Asbestos

Please read our information on how we are supporting residents and businesses, as well as information on affected services.


Asbestos is a fire-resistant mineral that has been found to pose a health hazard. It was once used in:

  • building construction,
  • insulation
  • and home products

Properties built before 2000 may contain materials made from asbestos. Common locations are listed below but there may be other sources in your home. If in doubt leave well alone and seek expert help. The Health and Safety Executive (HSE) have produced a number of leaflets appropriate for businesses.

If you aren't confident about safely working with asbestos we advise using a professional.  A licensed contractor would be able to test for asbestos and safely remove it.  CORMAC Consultancy offer a commercial service in relation to asbestos. They have their own laboratory services that can test samples for asbestos. They can also carry out clearance tests following removal to ensure safety. There are a number of other companies that offer similar services. We recommend you contact several companies to ensure you get the best service at a reasonable cost.

There are many uses of asbestos to be found within and around the home. The most commonly found are asbestos cement products.

Identification

Asbestos cement is a hard brittle greyish material. As it’s name suggests, asbestos cement is a combination of cement and asbestos.  The actual asbestos content may range between 10 to 15% and may be white, brown or blue asbestos.

Asbestos uses

Asbestos uses around the home include:

  • flat or corrugated sheets used mainly for roofing
  • soffit and facia boards for garages and sheds
  • as a lining cladding for fire protection
  • cold water storage tanks
  • external rainwater pipes and guttering
  • internal partition walls

Hazards

Asbestos cement products in good condition present no health hazard. However, when the material becomes damaged or broken asbestos fibres will be released. Damage may occur  drilling, sanding or sawing.  Asbestos fibres may also be released when the material becomes friable through age.

Breathing the released asbestos fibres is dangerous. Within industry, a safe maximum level of exposure to asbestos has been agreed. It is best however, to avoid all exposure to asbestos.

There is no known danger associated with the ingestion of fibres from asbestos cement water supply pipes and/or storage tanks.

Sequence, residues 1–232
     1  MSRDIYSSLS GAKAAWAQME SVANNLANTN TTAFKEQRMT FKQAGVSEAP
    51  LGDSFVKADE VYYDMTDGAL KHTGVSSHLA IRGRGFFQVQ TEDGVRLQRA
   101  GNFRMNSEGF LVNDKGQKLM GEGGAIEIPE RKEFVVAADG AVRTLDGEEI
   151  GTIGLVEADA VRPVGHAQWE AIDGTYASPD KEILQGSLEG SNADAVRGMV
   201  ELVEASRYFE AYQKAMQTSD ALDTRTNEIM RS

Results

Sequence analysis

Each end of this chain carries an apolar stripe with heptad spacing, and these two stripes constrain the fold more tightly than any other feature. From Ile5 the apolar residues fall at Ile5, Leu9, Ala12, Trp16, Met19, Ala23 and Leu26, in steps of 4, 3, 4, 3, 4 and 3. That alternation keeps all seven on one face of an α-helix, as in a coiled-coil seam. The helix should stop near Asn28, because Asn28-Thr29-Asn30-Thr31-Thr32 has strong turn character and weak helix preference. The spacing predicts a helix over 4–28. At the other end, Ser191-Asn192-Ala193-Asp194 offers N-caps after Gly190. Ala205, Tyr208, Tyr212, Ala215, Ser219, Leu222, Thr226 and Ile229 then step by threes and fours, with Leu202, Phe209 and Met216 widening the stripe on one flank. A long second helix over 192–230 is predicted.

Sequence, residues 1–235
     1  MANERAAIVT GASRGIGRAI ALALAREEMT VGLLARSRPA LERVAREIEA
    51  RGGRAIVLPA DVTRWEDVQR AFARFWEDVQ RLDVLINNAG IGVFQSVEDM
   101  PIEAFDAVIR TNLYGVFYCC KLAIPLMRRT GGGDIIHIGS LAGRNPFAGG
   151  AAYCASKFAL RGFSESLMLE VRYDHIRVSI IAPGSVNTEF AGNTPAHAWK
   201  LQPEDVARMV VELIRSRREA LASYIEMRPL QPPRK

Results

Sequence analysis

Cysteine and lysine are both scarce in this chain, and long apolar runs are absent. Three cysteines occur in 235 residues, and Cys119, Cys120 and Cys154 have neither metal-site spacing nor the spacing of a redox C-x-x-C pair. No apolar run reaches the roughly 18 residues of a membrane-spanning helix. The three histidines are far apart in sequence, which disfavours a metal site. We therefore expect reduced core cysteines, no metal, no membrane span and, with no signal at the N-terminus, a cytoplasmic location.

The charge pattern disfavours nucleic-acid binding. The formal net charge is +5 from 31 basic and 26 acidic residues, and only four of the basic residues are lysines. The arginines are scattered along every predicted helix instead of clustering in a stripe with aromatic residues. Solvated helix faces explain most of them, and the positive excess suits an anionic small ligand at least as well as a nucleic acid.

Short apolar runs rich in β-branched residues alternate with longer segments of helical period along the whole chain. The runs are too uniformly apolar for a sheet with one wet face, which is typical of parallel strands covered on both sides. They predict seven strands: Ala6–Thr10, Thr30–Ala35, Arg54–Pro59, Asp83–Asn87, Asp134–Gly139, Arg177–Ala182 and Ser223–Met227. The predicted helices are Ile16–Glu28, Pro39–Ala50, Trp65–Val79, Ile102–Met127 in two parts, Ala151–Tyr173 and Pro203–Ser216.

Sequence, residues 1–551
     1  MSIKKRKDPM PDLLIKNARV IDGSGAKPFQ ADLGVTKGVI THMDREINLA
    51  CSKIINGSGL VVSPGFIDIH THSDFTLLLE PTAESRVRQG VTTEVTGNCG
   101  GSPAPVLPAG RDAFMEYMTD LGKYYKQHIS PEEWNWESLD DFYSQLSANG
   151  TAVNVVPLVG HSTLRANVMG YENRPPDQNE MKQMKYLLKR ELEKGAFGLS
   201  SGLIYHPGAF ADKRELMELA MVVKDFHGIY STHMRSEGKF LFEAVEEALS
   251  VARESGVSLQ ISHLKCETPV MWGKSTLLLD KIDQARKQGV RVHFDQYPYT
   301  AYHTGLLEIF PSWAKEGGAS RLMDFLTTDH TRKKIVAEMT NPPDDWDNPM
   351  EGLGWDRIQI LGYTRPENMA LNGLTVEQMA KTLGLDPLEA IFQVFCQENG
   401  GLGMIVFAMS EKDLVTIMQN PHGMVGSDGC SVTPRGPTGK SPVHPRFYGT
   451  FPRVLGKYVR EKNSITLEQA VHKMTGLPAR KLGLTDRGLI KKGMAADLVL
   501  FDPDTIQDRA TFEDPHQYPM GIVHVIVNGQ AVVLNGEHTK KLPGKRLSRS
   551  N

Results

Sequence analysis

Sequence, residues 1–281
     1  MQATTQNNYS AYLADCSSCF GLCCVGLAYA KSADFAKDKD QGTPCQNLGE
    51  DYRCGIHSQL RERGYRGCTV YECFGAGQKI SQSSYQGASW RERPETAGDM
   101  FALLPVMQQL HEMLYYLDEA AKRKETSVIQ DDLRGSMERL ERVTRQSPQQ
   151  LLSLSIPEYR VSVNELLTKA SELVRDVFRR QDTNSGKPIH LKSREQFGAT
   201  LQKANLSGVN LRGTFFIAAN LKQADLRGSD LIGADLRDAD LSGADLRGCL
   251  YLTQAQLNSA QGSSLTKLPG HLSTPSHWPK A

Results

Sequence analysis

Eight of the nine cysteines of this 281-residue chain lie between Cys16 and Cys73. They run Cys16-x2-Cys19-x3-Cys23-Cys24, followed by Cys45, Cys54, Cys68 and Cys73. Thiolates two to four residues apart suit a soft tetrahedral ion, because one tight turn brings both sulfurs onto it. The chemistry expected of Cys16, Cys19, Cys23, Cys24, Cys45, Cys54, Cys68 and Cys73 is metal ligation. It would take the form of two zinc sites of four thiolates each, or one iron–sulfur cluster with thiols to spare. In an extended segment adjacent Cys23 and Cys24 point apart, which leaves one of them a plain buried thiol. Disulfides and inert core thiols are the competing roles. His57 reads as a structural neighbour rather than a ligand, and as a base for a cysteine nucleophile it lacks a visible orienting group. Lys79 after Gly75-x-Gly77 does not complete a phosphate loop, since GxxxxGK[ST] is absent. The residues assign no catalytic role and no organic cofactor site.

Asbestos Cement Products

What should you do with Asbestos Cement Products?

Leave alone and manage

If the material is in good condition and is unlikely to be damaged, it should be left in place and monitored to ensure it’s continuing safety.

Painting asbestos cement material inside the home can help to seal the material and prevent damage and fibres being released.

If you decide to paint over asbestos cement, use an alkali resistant primer or coating. Never rub down the asbestos before painting. This will release asbestos fibres.

If the asbestos cement product has been fitted for fire protection, a fire retardant paint should be used.

Removal and Disposal of Asbestos Cement Products

Small quantities of asbestos cement may be removed safely by yourself providing you follow the guidance below.

  • Clear the area
  • Put down a polythene sheet to catch the debris
  • Wear an appropriate dust mask and disposable coverall. Your hardware shop should be able to advise you on the types available. If you are unable to obtain a disposable coverall it is advisable to wear a pair of overalls and wash them separately immediately after use.
  • Wet the area with either a damp cloth or water sprayer. If a cloth is used, it must be disposed of after. Putting a little washing up liquid in then water will help bond the dust.

Never use water near electricity.

  • If possible, remove the fixings, i.e. bolts, nails etc. from the sheet and take the product down whole. Do not break the sheets.
  • Place the asbestos in a plastic bag or seal it with polythene sheeting. Mark the bag ‘Asbestos’.  Only double bag article. Try not to break up.
  • Wipe the area down with a wet cloth and again dispose of with the asbestos waste.
  • Wash yourself on completion of the task.
  • Contact the nearest Tip licensed to dispose of asbestos and inform them that you wish to bring in a quantity of asbestos cement.  For your nearest tip please view our Household waste and recycling centres pageYou can also find your nearest centre by entering your postcode on our my area page.

If the item removed provided fire or heat protection, it must be replaced immediately with a suitable alternative.

With materials other than asbestos cement, it is advisable to contact  the Environmental Protection Team for advice. In some circumstances, specialist contractors may be required to carry out the work safely.

Smaller asbestos items like oven gloves, fire blankets, simmering mats etc. may be disposed of by placing it into a sealed bag and again delivering to a licensed Tip.

Remember

  • Asbestos will be found in most homes
  • If in good condition such asbestos can remain with safety
  • If damaged, asbestos fibres can be released
  • Breathing asbestos dust can be harmful

If you are unsure or require more information please contact the Environmental Protection Team by the contact details on this page.

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